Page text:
The formula for a road or buddy movie isn’t terribly complicated. Take a couple solid comedians — preferably one with more of a straight or deadpan disposition and one with more of an oddball streak — and throw them together with a clear goal, like getting from point A to point B. Add some weird obstacles and maybe someone working against the goal, and let people watch the two talents playing off each other. Jason Bateman and Melissa McCarthy are a great pair, with Bateman’s last-sane-man act down pat and McCarthy’s willingness to do just about anything in service of a joke; they make Identity Thief fairly enjoyable on their own. Unfortunately, Craig Mazin’s script doesn’t know when to leave well enough alone, and the story gets a lot more complicated than it needs to be.
Sandy Bigelow Patterson (Bateman) is a straight arrow. He works for a financial services company in Denver as a top-flight accounts manager. He has a wife (Amanda Peet) and two kids (Maggie Elizabeth Jones and her sister Mary-Charles). They pay their bills, and even managed to save $14.03 last month. And life is about to get a lot better when he follows his friend (John Cho) into creating a new firm, dramatically increasing his salary and getting out from under his horrible boss (Jon Favreau).
Unfortunately, despite being a great accountant, Sandy doesn’t seem to think twice about giving his personal information to someone claiming to be calling from a credit protection agency, and that’s how Diana (McCarthy) steals his identity. She runs up debts and even a criminal record in his name, all the way in Winder Park, Florida. The police in Denver realize what’s going on, but they aren’t really equipped to deal with information crimes that cross jurisdictional boundaries, and so it’s on Sandy to bring Diana back to justice on his own.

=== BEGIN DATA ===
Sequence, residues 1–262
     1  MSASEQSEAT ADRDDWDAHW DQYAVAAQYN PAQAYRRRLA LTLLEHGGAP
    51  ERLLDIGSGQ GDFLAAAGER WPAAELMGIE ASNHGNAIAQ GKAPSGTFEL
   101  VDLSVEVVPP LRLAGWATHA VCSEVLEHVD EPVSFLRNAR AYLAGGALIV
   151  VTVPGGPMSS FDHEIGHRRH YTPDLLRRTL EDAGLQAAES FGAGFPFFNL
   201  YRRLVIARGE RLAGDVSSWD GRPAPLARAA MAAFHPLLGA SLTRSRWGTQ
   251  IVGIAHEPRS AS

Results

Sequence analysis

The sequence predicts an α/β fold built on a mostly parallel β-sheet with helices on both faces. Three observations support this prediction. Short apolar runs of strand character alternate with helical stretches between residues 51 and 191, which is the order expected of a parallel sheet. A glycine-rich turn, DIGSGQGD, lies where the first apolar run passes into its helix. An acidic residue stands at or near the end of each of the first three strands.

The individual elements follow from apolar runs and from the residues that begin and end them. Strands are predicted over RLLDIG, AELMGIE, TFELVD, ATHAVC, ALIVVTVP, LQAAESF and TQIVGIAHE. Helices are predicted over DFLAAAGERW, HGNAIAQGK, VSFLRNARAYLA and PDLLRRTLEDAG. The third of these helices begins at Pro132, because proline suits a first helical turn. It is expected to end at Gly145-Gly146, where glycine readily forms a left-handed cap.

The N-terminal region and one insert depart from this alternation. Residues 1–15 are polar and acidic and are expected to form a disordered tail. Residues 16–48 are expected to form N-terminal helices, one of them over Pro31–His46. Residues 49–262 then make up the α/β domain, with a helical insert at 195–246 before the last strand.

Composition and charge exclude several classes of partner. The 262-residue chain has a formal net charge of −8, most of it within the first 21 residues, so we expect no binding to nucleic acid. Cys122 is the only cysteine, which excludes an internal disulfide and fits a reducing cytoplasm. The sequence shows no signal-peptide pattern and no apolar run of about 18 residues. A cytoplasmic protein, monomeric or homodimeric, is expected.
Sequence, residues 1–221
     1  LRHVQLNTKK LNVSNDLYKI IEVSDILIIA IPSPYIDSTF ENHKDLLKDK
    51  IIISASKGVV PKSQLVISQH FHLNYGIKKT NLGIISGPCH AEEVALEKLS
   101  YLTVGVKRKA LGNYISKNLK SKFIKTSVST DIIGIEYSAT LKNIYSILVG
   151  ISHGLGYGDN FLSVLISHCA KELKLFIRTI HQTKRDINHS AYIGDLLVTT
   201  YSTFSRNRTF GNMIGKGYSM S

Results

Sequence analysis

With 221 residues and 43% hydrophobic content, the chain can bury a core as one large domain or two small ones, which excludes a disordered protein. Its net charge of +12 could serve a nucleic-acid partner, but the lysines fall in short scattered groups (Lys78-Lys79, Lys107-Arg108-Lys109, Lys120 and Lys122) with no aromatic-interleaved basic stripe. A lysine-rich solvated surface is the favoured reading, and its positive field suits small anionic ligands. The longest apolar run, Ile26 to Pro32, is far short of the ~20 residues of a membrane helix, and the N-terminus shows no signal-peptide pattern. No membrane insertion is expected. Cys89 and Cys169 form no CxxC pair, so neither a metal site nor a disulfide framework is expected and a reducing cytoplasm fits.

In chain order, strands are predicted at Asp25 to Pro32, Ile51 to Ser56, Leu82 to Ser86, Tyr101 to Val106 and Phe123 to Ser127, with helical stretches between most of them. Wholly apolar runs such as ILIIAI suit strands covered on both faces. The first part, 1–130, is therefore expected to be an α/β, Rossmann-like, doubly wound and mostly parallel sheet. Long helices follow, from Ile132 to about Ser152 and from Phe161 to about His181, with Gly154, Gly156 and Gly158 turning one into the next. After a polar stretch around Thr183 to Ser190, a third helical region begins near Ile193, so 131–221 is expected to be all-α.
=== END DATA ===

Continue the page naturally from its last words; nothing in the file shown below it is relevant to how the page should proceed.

It’s a promising setup, and the process of getting McCarthy and Bateman from Florida to Colorado alone could probably fill out a decent feature. But no, we have to toss in new wrinkles. I can get into the idea of a bounty hunter (Robert Patrick) joining the chase after Diana — calling herself by Sandy’s name, of course — skipped a court appearance in Florida. He’s trying to pull her in the opposite direction from Sandy, and the potential for him to get confused by the identity theft could be exploited for some time.
But then there’s the idea that Diana sold bad counterfeit credit cards — in Sandy’s name, though it hardly seems to matter — to the organization of a jailed drug kingpin (Jonathan Banks), who has sent a pair of assassins (Genesis Rodriguez and T.I.) after her. This part is poorly motivated at best, and points to the screenplay’s lack of cohesion.
The individual adventures Sandy and Diana get into are also pretty scattershot. Occasionally the script manages to get out of the way and let McCarthy and Bateman work, but all too often the gags seem forced, particularly when Bateman gets involved in slapstick or when McCarthy delivers her sob story. About which: I don’t doubt that she’s capable of delivering some real emotional depth, but this is such an obvious imitation of Del’s story from Planes, Trains and Automobiles that it’s hard to forget how much better John Candy delivered on a much more cohesive story.
So it’s sort of a toss-up; Identity Thief is far from the best road movie going, but maybe the good chemistry between McCarthy and Bateman can make up for the less impressive material they have to work with.
Worth It: not really.
Bechdel Test: fail.